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Arab Women WritersA Critical Reference Guide, 1873-1999$
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Radwa Ashour, Ferial Ghazoul, and Hasna Reda-Mekdashi

Print publication date: 2008

Print ISBN-13: 9789774161469

Published to Cairo Scholarship Online: September 2011

DOI: 10.5743/cairo/9789774161469.001.0001

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Egypt

Egypt

Chapter:
(p.98) 3 Egypt
Source:
Arab Women Writers
Author(s):

Radwa Ashour

Ferial J. Ghazoul

Hasna Reda-Mekdashi

Publisher:
American University in Cairo Press
DOI:10.5743/cairo/9789774161469.003.0004

The beginnings of modern Arabic literature in Egypt can be traced back to the era of Muhammad 'Ali, who took several measures to establish the foundations of the modern state. Muhammad 'Ali sent his famed educational missions to France and Italy to equip Egyptian students with Western sciences, and he founded a modern educational system based on the Western model that operated parallel to the traditional educational system headed by al-Azhar. The development and spread of the press played an important role in disseminating and fostering creative writing. Egypt became the center of enlightenment and culture in the Arab world, attracting intellectuals from various Arab countries who were fleeing the tyranny of rulers and searching for freedom. Women writers have trodden many paths in their aspirations to participate in shaping their own identities.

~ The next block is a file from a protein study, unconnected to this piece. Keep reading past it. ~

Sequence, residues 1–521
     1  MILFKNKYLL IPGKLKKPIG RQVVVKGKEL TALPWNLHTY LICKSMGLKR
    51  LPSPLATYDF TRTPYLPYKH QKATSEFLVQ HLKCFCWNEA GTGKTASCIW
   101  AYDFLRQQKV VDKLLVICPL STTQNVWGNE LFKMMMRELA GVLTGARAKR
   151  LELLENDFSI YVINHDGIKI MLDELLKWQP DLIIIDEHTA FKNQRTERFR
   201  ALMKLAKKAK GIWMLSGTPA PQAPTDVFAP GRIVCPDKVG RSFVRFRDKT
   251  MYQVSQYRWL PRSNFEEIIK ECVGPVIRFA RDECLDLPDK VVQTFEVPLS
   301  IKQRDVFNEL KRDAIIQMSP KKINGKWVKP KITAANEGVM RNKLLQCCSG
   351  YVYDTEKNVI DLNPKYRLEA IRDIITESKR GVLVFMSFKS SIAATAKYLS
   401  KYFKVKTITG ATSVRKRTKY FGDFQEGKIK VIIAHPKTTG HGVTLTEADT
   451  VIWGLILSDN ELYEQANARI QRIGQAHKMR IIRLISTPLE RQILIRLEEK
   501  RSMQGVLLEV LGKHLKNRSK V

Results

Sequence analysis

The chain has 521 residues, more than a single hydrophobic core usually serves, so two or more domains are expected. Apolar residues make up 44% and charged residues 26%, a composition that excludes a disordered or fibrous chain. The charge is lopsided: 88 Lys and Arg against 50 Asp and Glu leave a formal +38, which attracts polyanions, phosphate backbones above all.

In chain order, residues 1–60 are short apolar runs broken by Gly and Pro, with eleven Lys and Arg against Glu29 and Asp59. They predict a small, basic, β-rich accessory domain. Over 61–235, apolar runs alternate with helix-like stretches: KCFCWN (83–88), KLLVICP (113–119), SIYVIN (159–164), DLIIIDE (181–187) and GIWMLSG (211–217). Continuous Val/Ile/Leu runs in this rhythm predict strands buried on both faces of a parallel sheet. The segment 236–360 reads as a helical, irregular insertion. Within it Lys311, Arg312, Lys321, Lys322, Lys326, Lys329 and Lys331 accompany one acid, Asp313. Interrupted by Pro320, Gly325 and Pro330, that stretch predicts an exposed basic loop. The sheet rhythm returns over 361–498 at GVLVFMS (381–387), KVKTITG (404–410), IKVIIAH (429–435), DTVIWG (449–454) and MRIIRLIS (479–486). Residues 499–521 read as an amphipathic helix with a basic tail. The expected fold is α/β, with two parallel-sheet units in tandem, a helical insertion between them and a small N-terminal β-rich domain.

Keywords:   Egypt, Muhammad Ali, modern Arabic literature, educational system, Arab countries, women writers

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